When I read The Old Computer Challenge I knew this wasn’t really for me.
I’m not doing a lot of personal programming at the moment, and the things I do actually work a lot better (or at all) on a machine that’s not 15-20 years old.
Yes, I admit it, it’s mostly playing games that were released when 512 MB RAM weren’t the norm any more, or using YouTube (which eats a lot of CPU, I tried it).
But I found the idea interesting nevertheless, and I do have an old laptop here, my first one, actually.
It’s a hp compaq nx7010 that I bought in 2004 for university, it has a nice widescreen 15,4” screen with 1680x1050 resolution (ATI Radeon Mobility 9200/ATI Radeon Mobility M9), a 1.5 GHz single-core Centrino CPU, and was upgraded to 1.5GB of RAM. And it was really expensive, but I used it for at least 6 years as my main laptop, and I think I really only stashed it away in 2013 when I got my work x230 that I could also use for private stuff.
I had installed OpenBSD 6.2 at some point in 2017, when it was the latest version and since then I hadn’t done a lot. I booted it once in a while, I think I even committed an OpenBSD-only bugfix for i3-statusbar or something, and that was that.
But I wanted to update the OS for a while already and now this was the perfect opportunity. So in my lunch break I downloaded the latest 6.9 install image and ran with it.
Unfortunately some things weren’t working out of the box, so I had to stop and wait until work was over, but I think it’s good enough for now.
So here’s a little guide to running OpenBSD on a very old laptop.
I’ve actually typed up most of this post on the laptop, in vim, although the file is sitting on another computer - but I’m using xterm on ratpoisonon OpenBSD. Yes, I do prefer i3, but I won’t bother to even change the keybindings, ratpoison seems reallyok out of the box, just ctrl-t is a bit weird. And netsurf seems fine to check how this post looks as a finished html page, haven’t tried some real web surfing.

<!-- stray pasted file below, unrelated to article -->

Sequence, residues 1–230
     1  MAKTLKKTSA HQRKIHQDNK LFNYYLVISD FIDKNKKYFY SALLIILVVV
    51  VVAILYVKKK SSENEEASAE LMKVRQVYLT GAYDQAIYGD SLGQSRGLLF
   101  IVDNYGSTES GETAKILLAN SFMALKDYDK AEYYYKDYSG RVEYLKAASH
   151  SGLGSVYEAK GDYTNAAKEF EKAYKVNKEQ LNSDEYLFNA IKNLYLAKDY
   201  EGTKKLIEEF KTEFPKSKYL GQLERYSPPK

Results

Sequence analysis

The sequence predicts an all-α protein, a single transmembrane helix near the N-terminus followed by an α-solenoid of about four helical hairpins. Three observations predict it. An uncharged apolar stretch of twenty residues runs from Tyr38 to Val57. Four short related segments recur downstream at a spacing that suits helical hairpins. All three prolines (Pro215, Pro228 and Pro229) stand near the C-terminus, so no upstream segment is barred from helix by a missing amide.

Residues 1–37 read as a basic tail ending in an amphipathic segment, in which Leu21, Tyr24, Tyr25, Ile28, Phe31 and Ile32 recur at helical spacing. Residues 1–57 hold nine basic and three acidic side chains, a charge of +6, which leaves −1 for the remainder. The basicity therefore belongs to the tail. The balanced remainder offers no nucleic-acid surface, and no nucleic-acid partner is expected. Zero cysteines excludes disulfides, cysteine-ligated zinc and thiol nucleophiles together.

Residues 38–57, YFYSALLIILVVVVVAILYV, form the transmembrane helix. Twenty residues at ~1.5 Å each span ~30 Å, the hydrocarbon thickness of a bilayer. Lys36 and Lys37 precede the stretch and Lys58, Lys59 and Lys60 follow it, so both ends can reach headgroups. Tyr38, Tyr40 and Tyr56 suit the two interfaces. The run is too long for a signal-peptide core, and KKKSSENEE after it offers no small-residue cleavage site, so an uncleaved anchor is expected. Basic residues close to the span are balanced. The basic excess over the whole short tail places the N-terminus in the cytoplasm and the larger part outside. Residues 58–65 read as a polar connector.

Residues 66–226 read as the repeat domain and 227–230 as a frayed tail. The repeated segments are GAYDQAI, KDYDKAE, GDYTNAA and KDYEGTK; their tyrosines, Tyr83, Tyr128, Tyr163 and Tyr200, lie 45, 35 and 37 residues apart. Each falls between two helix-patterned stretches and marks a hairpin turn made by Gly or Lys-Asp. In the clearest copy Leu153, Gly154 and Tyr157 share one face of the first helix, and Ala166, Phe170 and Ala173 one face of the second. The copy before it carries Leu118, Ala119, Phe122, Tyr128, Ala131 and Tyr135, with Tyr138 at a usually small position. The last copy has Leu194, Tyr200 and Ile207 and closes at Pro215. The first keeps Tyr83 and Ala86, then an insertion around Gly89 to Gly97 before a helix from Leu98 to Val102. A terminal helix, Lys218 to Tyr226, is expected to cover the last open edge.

The install instructions
Download the install image file, install69.img from https://www.openbsd.org/faq/faq4.html and write to a USB stick:
# dd if=install*.img of=/dev/rsd6c bs=1M
The OpenBSD installation itself is pretty uneventful, just go with the defaults, wired networking via DHCP worked fine. WiFi didn’t work out of the box, but I may as well just have fat-fingered something. The interface was up but it didn’t connect. Or maybe the wifi is too new for this card…
I ran with the defaults for partitioning and everything.
But then it got interesting:
Notice that as soon as the kernel has booted you only have a blank screen, search the web. find a fix.
boot> boot -c UKC> disable radeondrm UKC> quit
or do it permanently:
# config -ef /bsd UKC> disable inteldrm UKC> quit
sudo, so when in Rome, do as the Romans do:
# enable doas for group wheel echo "permit :wheel" > /etc/doas.conf # check config doas -C /etc/doas.conf
Now it’s time to see how outdated the install medium was and do an upgrade:
syspatch -c syspatch
Then notice that something with KARL didn’t work:
# it tells me to run this /usr/libexec/reorder_kernel
It didn’t help, but in the log file there are some steps I should do, those do work.
But still, X won’t start.
I learn that
startx is deprecated, and I should do:
rcctl enable xenodm rcctl start xenodm
Sadly it didn’t change anything, but the fix is actually easy if you RTFM correctly:
echo machdep.allowaperture=2 >> /etc/sysctl.conf reboot
(thank you, helpful people of r/openbsd)
So now I can finally log in to a graphical interface and am greeted by the horrible, horrible
After 5 minutes of trying and not liking
cwm and deciding that
i3 is too resource heave for this, I want to try
Then simply edit the
$HOME/.xsession and restart X:
xsetroot -solid rebeccapurple & xterm -bg black -fg white +sb & ratpoison
Finally install a few applications I will or might need:
pkg_add git zsh tmux vim irssi mutt netsurf htop